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Blackta at the Young Vic

Alice Dickerson

A bold play, making a bold statement, but one which doesn't quite hit the mark.

Blackta at the Young Vic
Anthony Welsh (Brown) and Javone Prince (Dull Brown). Photo by Simon Annand.

Despite all of the progress achieved in the past few decades, racism undoubtedly lingers on in our society. It has re-emerged as a prominent issue in football, where many were shocked to find that very little appears to have changed on and off the pitch. Less visibly, as 'Blackta' forcefully suggests, it continues on our hallowed stages and behind closed audition doors.

Acting is a relatively closed world unlike, say, journalism, in which journalists constantly write about one another. Even more so, acting is rarely seen from the perspective of a black actor. 'Blackta' therefore feels fresh and radical; more radical than it should. Its playwright, Nathaniel Martello-White, is a young black actor who, though successful himself, felt compelled to write the play after seeing one too many fellow actors held back by prejudice.

'Blackta' is therefore an exciting play. For anyone without direct experience of the prejudice experienced by the characters in the play, it is challenging and eye-opening, whilst at the same time humorous and witty. The fictional actors perform humiliating audition tricks to a faceless judge, in the style of a TV talent show, and are inevitably rejected. Race and colour are very much in your face; the characters are labelled by their skin tone, 'Yellow', 'Brown', 'Black', 'Golden Brown', rather than named. In a dream scene, all of the characters are re-imagined on the set of Star Wars. This scene allows for clever acrobatics and clever laughs whilst, implicitly, reminding the audience how few black actors appeared in any of the Star Wars films.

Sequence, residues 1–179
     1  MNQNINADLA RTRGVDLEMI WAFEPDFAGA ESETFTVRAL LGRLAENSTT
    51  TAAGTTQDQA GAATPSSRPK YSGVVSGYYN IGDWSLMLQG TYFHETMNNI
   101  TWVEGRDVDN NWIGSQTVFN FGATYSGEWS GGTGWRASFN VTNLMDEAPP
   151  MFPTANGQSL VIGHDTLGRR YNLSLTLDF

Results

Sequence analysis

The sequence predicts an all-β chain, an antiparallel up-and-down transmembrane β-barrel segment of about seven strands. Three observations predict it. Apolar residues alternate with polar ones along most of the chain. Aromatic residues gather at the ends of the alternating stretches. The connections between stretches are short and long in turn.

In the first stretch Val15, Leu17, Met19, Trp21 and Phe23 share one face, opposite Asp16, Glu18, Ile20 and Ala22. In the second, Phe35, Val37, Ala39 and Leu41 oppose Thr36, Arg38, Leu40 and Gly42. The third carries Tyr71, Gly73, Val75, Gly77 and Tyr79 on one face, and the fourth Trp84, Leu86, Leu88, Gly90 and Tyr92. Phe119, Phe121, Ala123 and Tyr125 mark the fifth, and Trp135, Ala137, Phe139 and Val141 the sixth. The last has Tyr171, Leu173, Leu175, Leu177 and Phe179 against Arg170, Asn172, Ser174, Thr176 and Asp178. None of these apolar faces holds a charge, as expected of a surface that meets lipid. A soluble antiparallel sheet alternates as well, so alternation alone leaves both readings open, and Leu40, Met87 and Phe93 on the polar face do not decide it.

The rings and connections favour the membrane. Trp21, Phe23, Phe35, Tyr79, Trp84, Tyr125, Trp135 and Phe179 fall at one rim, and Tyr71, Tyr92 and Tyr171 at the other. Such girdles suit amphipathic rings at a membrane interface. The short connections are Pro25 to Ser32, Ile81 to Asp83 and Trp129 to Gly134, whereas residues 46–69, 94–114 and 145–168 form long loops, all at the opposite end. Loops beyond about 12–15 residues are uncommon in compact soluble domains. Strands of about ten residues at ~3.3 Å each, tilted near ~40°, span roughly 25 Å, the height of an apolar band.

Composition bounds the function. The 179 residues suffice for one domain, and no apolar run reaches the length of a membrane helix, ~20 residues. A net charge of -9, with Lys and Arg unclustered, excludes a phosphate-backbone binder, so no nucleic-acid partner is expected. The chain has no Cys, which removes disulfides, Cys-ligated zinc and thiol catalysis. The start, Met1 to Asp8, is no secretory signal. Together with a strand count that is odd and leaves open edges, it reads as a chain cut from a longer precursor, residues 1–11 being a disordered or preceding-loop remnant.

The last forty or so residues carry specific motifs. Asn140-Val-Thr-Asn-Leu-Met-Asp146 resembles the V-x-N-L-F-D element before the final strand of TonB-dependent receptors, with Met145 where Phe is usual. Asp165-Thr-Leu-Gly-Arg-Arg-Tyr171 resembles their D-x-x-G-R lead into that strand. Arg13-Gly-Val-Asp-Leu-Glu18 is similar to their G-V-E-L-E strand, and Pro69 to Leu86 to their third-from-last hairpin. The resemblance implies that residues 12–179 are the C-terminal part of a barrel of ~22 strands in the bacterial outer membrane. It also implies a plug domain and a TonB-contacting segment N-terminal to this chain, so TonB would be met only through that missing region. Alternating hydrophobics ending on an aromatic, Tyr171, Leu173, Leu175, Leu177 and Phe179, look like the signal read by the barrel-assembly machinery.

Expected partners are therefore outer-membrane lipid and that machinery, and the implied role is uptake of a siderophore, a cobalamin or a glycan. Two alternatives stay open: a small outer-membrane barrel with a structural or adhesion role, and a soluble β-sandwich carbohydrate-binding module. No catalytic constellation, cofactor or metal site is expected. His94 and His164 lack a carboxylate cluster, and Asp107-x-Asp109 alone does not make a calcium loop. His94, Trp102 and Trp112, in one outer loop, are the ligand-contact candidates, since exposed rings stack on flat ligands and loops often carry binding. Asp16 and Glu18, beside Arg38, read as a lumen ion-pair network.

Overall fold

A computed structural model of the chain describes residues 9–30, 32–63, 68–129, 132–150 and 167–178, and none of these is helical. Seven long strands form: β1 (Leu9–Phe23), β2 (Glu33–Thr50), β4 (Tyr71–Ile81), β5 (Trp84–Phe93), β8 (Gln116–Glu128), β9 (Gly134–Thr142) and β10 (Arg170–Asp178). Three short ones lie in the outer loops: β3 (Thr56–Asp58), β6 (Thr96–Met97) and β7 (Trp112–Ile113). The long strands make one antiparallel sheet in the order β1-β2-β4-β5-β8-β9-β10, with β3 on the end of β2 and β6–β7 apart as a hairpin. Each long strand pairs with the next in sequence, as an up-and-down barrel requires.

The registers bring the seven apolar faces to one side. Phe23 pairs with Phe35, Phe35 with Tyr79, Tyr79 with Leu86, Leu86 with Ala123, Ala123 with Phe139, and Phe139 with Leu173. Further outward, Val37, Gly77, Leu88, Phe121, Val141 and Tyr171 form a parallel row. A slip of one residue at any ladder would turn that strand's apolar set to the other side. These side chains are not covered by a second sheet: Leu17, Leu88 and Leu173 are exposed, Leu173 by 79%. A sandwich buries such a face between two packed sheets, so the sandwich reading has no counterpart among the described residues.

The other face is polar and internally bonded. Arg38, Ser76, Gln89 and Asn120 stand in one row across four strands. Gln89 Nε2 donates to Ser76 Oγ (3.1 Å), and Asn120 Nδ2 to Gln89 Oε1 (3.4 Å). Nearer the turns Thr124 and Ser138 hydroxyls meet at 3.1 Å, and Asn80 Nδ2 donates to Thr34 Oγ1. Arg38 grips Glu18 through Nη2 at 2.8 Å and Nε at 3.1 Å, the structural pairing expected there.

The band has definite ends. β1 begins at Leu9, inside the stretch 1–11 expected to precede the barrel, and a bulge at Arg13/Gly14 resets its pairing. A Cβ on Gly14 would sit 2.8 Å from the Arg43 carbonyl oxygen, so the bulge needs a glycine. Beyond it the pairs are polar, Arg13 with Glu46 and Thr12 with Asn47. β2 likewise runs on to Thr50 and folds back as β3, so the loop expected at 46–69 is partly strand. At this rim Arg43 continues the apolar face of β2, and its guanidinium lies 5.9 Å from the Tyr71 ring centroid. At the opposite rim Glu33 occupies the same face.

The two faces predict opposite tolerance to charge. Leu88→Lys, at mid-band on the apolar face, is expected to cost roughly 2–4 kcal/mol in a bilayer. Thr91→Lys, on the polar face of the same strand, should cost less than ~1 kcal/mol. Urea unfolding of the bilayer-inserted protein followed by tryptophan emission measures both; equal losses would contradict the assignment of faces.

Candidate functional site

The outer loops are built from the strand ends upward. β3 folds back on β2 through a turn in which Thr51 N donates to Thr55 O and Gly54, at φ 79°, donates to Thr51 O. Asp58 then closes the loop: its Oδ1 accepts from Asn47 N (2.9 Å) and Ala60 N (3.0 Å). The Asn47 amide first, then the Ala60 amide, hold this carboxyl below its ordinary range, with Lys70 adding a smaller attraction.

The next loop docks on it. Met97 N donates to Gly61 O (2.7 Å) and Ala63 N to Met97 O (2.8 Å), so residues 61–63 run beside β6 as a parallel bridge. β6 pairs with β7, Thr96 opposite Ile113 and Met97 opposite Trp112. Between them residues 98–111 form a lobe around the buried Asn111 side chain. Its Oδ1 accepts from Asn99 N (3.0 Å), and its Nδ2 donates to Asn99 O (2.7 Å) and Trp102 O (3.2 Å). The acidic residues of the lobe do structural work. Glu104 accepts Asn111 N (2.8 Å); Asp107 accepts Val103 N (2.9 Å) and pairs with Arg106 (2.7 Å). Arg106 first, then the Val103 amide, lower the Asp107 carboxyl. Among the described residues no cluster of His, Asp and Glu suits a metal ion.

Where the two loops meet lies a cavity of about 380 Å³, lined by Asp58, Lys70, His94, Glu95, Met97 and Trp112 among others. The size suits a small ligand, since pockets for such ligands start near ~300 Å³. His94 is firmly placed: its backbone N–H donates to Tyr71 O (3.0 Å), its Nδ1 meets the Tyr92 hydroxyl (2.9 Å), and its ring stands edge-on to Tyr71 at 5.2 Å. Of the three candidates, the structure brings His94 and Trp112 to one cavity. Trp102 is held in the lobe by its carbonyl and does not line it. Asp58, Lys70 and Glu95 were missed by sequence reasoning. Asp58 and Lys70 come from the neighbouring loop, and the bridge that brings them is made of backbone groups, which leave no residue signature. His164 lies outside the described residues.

So far, so good. Yet, instead of challenging stereotypes of young black men (regardless of their occupation), Martello-White's characters reinforce these stereotypes. They are sexist and aggressive, bored and (mostly) passive. They are well-acted but, on the whole, not likeable characters.

The theatre world can never be colour-blind, of course. But it is true that, even from the outsider's perspective, there are far fewer black characters on our stages and screens and those that there are often typecast. Martello-White's play will once again raise this issue in our consciousness. Whether it will fundamentally change the situation appears unlikely. However, we can undoubtedly expect more good things from this actor and playwright.

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